CLARIN

Argentina's Prohibitive Presidential Front-Runner, In His Own Words

An interview with Peronist candidate Albérto Fernández, who together with his running mate — former president Cristina Kirchner — is looking to unseat Mauricio Macri.

Alberto Fernández, virtually Argentina's president-elect?
Alberto Fernández, virtually Argentina's president-elect?
Pablo Ibáñez, Ignacio Miri, Walter Schmidt*

There are still two months before Argentines select their next leader, and depending on the outcome, there could also be a runoff in December. But after last week's PASO — as the country's primary-election mechanism is known — there is a widespread perception that voters have already made their choice.

The decade-old PASO system is particular in that it involves all of the country's parties and potential presidential candidates, and is thus more of a preview election than a simple weeding out process. In this case, the Aug. 11 vote also proved to be something of a spoiler given the disparity between the top two finishers: Peronist candidate Alberto Fernández and current President Mauricio Macri.

Polls predicted that Fernández would top Macri in the PASO, but not, as it turned out, by more than 15 percentage points (47.7% versus 32.1%). As a result, many now see the Oct. 27 presidential election as a done deal, and view Fernández as a kind of de facto president-elect. The fact that none of this will be official for at least another nine weeks makes the whole process even more curious.

In an exclusive interview with Clarín, the Peronist candidate opens up about his better-than-expected PASO victory, and looks ahead to October and beyond.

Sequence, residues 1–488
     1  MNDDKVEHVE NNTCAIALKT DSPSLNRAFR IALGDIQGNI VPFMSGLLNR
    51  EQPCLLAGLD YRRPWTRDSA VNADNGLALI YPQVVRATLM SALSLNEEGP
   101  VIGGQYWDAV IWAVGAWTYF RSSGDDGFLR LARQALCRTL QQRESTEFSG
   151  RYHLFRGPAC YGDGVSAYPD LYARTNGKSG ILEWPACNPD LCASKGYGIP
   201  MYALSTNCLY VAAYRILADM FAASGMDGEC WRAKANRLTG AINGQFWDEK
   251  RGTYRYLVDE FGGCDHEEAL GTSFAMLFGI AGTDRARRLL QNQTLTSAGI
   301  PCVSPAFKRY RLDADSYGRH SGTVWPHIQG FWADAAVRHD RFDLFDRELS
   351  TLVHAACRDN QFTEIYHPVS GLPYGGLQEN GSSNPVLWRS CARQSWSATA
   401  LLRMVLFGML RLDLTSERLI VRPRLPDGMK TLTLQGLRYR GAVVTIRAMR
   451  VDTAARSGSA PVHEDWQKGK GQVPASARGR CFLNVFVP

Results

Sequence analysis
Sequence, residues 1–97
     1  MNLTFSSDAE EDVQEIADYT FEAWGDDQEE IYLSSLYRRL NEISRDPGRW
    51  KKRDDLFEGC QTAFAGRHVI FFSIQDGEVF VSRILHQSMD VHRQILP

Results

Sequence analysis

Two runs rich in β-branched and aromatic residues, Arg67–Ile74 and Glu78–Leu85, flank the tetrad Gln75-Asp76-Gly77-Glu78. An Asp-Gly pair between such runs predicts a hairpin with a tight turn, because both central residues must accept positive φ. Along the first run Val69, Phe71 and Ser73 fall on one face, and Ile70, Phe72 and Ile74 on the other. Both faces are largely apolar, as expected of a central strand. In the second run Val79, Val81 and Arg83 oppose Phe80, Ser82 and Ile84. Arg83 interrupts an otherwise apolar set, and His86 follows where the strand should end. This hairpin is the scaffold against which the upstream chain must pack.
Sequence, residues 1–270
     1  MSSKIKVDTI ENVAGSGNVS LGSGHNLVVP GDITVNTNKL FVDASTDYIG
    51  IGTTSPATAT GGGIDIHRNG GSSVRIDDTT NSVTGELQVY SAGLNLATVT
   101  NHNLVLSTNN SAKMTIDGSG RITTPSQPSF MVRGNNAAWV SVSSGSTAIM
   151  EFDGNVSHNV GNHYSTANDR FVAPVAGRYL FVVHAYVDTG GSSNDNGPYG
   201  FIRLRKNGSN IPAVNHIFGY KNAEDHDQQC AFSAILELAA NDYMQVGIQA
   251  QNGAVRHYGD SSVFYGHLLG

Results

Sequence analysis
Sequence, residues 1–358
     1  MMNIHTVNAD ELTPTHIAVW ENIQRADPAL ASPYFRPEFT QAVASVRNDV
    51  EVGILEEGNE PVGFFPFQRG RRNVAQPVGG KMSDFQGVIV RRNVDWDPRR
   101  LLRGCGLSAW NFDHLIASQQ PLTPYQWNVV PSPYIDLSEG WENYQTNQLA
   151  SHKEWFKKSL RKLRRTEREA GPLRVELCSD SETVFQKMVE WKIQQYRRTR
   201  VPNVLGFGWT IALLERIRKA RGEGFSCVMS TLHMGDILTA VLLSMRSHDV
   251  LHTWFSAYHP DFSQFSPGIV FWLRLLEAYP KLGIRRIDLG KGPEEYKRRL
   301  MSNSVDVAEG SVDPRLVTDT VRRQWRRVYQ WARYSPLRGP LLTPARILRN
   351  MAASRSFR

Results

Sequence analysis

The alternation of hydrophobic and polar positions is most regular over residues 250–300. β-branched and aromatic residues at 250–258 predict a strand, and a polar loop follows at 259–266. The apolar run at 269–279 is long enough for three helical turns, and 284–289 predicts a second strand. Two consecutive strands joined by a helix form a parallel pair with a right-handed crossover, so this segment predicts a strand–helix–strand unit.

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Society

Face In The Mirror: Dutch Hairdressers Trained To Recognize Domestic Violence

Early detection and accessible help are essential in the fight against domestic violence. Hairdressers in the Dutch province of North Brabant are now being trained to identify when their customers are facing abuse at home.

Hair Salon Rob Peetoom in Rotterdam

Daphne van Paassen

TILBURG — The three hairdressers in the bare training room of the hairdressing company John Beerens Hair Studio are absolutely sure: they have never seen signs of domestic violence among their customers in this city in the Netherlands. "Or is that naïve?"

When, a moment later, statistics appear on the screen — one in 20 adults deals with domestic violence, as well as one or two children per class — they realize: this happens so often, they must have victims in their chairs.

All three have been in the business for years and have a loyal clientele. Sometimes they have customers crying in the chair because of a divorce. According to Irma Geraerts, 45, who has her own salon in Reusel, a village in the North Brabant region, they're part-time psychologists. "A therapist whose hair I cut explained to me that we have an advantage because we touch people. We are literally close. The fact that we stand behind people and make eye contact via the mirror also helps."

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